Milan’s bleisure campaign entices nomadic workers
Milan – Seeking to reignite the appeal of business travel, tourism promoter Yes Milano is highlighting bleisure trips in its latest campaign. Titled Not in Milano, the international campaign positions the Italian city of Milan as being key destination for enjoyable business trips. Purposely showcasing a slower approach to business travel, the core idea is to highlight how workers can soak up the city while also being there for work.
By rejecting stereotypes associated with business travel, this initiative engages audiences through lifestyle cues that are usually reserved for pleasure-based travel. In turn, this strategy also supports Milan’s long-term approach to tourism. ‘The goal is to increase the quality of tourism here, rather than the number of tourists,’ comments Luca Martinazzoli, general manager of Milano & Partners, the official promotional agency of the city. ‘Being mainly driven by business purposes, this type of tourism is sustainable with the city.’
While business travel has been largely halted during the pandemic, ongoing remote arrangements mean that there are fresh opportunities to connect with Wandering Workers.
From hotels to restaurants, leisure and hospitality venues can take new approaches to bleisure tourism by providing spaces for co-working, convenient dining options, or itineraries that encourage a balance of work and leisure
Frank Ocean’s luxury brand embodies cultural clout
US and Italy – The musician is building on his cultural influence with the launch of luxury company, Homer. Its inaugural collection features hand-crafted fine jewellery and printed silk scarves. Inspired by Frank Ocean’s childhood obsessions, the colourful products – including enamelled necklaces, diamond collars and gold rings – have been collated and shot for a catalogue, with imagery photographed by Ocean and his creative collaborator Tyrone Lebon.
To bring the brand to life in a physical setting, the musician has also opened an appointment-only store within Manhattan’s New York Jewelers Exchange shopping mall. According to a press release, the name Homer ‘represents carving history into stone’. By capturing his personal mindsets in this way, the artist translates his cultural influence from music to luxury goods.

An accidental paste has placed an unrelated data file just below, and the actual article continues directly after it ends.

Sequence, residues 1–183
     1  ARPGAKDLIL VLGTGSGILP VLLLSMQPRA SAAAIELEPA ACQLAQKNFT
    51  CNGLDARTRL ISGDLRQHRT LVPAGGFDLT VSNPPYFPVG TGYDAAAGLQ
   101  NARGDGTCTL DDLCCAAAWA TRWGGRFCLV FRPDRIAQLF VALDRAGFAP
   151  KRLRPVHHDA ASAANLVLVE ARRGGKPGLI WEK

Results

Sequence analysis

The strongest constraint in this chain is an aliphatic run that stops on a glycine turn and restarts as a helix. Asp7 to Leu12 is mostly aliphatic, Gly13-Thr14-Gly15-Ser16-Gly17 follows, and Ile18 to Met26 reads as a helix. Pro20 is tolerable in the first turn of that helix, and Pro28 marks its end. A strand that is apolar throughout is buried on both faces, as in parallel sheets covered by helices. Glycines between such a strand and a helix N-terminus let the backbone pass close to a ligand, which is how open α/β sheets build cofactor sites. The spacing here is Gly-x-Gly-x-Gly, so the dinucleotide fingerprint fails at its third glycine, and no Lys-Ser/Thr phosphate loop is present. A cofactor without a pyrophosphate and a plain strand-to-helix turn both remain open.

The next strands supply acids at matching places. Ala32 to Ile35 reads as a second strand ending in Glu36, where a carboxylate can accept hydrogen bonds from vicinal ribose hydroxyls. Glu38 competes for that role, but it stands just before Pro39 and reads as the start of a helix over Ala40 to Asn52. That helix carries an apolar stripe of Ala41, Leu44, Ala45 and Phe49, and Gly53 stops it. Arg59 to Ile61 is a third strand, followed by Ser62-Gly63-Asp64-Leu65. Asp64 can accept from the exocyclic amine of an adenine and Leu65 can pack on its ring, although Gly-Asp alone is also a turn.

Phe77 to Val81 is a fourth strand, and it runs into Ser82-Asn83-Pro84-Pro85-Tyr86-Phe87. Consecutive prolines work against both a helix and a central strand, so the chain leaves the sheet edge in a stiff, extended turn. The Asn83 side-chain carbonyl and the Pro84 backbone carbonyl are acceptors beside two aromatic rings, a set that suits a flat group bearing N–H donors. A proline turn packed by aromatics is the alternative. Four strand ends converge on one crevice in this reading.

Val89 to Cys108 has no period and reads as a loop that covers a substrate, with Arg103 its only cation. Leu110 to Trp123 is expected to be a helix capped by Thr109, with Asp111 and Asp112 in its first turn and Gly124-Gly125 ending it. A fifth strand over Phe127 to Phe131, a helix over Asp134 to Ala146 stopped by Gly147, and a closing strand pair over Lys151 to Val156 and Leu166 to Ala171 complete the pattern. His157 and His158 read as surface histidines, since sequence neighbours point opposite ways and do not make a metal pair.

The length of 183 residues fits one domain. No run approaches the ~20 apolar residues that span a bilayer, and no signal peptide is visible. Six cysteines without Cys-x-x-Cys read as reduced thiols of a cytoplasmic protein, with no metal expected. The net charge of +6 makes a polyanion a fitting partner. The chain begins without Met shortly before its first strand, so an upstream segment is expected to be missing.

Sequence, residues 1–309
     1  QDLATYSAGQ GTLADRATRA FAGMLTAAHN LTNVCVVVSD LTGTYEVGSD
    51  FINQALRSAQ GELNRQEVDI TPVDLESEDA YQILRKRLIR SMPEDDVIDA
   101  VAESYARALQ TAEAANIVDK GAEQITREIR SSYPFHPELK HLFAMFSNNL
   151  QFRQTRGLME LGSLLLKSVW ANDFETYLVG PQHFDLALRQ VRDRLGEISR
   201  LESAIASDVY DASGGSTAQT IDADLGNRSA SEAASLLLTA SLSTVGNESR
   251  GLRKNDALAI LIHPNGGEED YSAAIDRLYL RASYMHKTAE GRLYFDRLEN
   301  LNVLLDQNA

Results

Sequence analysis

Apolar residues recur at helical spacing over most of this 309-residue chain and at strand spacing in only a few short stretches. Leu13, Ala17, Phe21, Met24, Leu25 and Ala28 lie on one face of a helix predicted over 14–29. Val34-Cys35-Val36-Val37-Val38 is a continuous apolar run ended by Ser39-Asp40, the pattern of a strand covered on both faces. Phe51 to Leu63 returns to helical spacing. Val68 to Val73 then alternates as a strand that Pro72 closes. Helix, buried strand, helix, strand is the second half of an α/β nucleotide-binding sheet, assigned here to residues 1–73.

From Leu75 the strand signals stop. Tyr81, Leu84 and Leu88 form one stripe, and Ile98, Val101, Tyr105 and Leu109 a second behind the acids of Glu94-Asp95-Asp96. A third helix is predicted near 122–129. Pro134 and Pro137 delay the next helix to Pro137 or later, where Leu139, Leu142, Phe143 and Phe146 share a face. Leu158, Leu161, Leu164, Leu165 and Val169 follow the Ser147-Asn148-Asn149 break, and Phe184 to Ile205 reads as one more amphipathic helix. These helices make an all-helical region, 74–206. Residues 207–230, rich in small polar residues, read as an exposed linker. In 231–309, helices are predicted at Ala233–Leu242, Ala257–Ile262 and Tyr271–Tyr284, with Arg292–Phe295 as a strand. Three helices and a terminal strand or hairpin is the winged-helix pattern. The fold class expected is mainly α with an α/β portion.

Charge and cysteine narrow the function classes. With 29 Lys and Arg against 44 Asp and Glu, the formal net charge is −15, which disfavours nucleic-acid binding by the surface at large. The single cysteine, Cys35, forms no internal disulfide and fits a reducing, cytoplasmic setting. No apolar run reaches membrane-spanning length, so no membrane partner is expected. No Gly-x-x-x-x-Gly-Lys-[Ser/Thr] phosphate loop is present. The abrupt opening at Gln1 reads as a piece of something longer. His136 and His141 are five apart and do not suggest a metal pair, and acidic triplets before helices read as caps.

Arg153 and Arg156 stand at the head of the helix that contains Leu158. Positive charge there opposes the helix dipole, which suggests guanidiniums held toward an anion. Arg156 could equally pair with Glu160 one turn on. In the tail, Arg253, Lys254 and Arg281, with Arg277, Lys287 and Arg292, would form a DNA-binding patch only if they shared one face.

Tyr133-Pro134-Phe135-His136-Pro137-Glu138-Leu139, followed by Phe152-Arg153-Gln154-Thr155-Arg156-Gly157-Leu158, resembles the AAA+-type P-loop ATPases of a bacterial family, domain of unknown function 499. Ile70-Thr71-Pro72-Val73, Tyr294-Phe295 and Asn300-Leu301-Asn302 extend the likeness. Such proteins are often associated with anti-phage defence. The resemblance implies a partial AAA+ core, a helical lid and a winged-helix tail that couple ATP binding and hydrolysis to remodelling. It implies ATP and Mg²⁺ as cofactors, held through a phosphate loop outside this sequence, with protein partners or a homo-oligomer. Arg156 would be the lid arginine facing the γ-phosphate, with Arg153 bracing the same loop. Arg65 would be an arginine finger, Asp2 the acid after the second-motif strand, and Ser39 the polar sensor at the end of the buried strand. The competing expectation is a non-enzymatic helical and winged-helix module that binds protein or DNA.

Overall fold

As the luxury sector continues to diversify, there is growing potential for new tastemakers to add fresh products and perspectives. To discover more ways that the entertainment sector is impacting premium products and marketing, explore Luxtainment.
Luxury brands can build hype – and new legacies – by working with popular cultural voices. Consdier creating a standalone brand or experimenting with collections that have been co-designed by influential personalities
Streaming platform Anghami delivers IRL music venues
SWANA – Providing Middle Eastern audiences with an immersive channel for experiencing music, music streaming platform Anghami is opening a series of Anghami Labs – venues with a lounge, stage and studio where creators can experiment with music inspired by both Arabic and international cultures. Initially launching in Dubai, with plans to open in Riyadh and other cities, music created in the venues will then be available exclusively within the app.
The concept also includes a partnership with hospitality provider Addmind, to offer a fusion of Arabic and international cuisines. Tony Habre, CEO of Addmind, comments: ‘Anghami is more than just a streaming platform, they have elevated the value of the music industry in the Middle East as a whole...’ By engaging audiences through co-created music and foods that borrow from a variety of cultures, Anghami is expanding its reach and appeal to a diverse range of consumers.
While we’ve previously explored the ways that hotels are infusing their services with media and technology, this example further showcases the potential for physical venues to enhance digital-first entertainment.
Digital services from film and tv platforms can be translated into IRL experiences. Explore partnerships with hospitality providers to create immersive and sensorial experiences that celebrate creative talent, while offering a memorable event
Stat: Young UK workers feel less resilient than pre-pandemic
With the global pandemic having taken a toll on the physical and mental health of many employees, there is growing concern about people’s lack of resilience in relation to returning to office environments. According to research by Lime Insurance, young people’s mental health has been the most affected.
The research reveals that, in the UK, young people have struggled the most with the pandemic – with 43% of women and 49% of men aged 16–24 saying they feel less resilient now than they did before the pandemic. Overall, just over a quarter (26%) of respondents say they don’t think they’re coping at work, while just over a third (34%) feel the same way about everyday life.
To better support people in this new working world, employers are increasingly providing flexible hours, integrating long-term remote working, and office environments that bolster a sense of resilience.
Companies should integrate wellbeing tools into their daily operations to support the different needs of employees. Consider working with health professionals to gain an outside perspective on how best to support your teams